HSV History: Part 1 - The origins of football in Hamburg
HSV History: Part 1 - The origins of football in Hamburg

The game of football had been established in England long before the official foundation of HSV in 1887. Sheffield F.C, Liverpool St. Helens and Edinburgh Academical were all created three decades before Hamburg, with the respective clubs coming into existence in 1857.

With the continuation of historic trade routes that had brought men from all over the world to Hamburg’s ports continuing into the latter part of the 19th century, it was no surprise that dock workers and sailors from England introduced their game to Hanseatic shores at every opportunity. 

The idea of “football” was, at first, an alien concept to the German natives. Referred to commonly as “the game of the foot”, it was frowned upon by traditionalists who engaged in other activities rather than what was viewed as a peasant sport. However, more and more young people began engaging with the game and developing an interest, and consequently local businessmen and authorities were beginning to take note.

The very early existence of Hamburger Sport-Verein in its current entity links not to the emergence and establishment of association football, but rather to a significant merger that occurred in 1887. 

On the 29th of September, Der Hohenfelder Sportclub and the Wandsbek-Marienthaler Sportclub combined to form SC Germania, which HSV recognises as its own date of origin in its official statute. The aforementioned sporting associations were track and field rather than ball sport, but nevertheless this is how a lot of modern day football clubs started, as societies that represented the cities at sports rather than specific football clubs.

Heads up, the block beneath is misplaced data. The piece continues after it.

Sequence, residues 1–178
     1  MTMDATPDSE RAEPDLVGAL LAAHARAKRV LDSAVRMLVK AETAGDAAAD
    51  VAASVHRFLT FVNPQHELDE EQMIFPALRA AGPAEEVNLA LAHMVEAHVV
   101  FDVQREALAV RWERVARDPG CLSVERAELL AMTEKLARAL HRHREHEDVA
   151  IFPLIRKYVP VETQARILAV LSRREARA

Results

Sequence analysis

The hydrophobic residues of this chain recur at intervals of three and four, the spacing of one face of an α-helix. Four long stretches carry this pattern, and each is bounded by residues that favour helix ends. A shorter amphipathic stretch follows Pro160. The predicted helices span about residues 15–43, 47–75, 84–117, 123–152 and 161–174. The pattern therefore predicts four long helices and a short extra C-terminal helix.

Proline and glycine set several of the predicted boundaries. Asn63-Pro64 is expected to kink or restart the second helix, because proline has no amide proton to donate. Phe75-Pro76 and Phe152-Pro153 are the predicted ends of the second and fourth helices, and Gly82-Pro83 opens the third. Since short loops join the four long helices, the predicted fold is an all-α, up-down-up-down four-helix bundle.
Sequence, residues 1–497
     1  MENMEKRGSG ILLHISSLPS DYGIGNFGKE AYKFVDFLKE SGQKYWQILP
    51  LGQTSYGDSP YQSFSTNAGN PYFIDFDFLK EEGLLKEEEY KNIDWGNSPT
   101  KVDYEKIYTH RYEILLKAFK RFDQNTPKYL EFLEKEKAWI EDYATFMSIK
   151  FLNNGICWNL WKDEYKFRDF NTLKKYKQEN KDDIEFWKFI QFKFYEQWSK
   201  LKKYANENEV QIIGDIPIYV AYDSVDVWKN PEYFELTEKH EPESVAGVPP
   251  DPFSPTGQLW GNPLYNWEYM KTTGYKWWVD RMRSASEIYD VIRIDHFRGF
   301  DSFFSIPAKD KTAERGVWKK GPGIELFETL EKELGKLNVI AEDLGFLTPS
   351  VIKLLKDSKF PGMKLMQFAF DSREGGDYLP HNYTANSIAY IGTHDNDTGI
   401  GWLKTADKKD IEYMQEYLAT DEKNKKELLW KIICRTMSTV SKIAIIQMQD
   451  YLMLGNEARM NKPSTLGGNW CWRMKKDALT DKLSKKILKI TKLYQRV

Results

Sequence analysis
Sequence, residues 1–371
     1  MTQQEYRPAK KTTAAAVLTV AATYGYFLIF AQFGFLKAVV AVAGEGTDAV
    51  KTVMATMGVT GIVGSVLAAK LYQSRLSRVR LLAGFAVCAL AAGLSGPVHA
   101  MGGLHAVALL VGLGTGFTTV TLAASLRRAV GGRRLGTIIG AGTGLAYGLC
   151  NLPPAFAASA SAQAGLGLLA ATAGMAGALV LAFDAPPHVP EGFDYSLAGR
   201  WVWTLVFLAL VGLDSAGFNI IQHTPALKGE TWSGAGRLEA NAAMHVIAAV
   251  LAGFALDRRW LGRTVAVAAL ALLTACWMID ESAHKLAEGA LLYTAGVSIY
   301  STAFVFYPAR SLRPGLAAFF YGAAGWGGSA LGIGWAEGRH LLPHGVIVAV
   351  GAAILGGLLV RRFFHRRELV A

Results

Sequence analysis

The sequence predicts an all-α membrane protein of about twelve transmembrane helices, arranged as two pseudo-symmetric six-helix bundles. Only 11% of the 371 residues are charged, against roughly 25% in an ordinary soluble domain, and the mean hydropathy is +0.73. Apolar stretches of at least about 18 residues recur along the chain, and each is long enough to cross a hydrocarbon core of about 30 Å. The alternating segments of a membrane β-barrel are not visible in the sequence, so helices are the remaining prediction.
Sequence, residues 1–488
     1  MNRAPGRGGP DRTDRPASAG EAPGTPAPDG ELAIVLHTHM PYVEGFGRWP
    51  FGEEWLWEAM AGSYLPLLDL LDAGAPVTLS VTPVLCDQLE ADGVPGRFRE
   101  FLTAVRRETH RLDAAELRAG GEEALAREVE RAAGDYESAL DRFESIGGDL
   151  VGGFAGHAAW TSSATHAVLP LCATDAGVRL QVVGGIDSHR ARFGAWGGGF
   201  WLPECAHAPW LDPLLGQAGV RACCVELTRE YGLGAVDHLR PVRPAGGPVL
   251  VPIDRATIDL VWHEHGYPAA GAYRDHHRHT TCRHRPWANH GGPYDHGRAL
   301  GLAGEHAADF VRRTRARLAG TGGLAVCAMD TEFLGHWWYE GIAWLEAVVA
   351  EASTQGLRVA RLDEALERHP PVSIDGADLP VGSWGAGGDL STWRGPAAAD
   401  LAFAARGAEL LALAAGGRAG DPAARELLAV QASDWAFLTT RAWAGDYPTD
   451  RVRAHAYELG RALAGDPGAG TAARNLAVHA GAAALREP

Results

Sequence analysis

A year later, on June 1st 1888, the second subdivision of the modern day Hamburger SportVerein was founded in the form of Hamburger SC 1888. Although the story has it that students formed the club, it is more accurate to suggest that the teacher of Wilhelm-Gymnasium, a Dr. Wilms, was the man who created the team as he was the man who introduced the game of football to his students. The HSC had its first site on the Moorweide by the train station at Dammtor, while SC Germania leased a meadow in Wandsbeck. Every Sunday the footballers grabbed slats to contrast makeshift gates and shelters before games while later, the pitch was staked with ropes.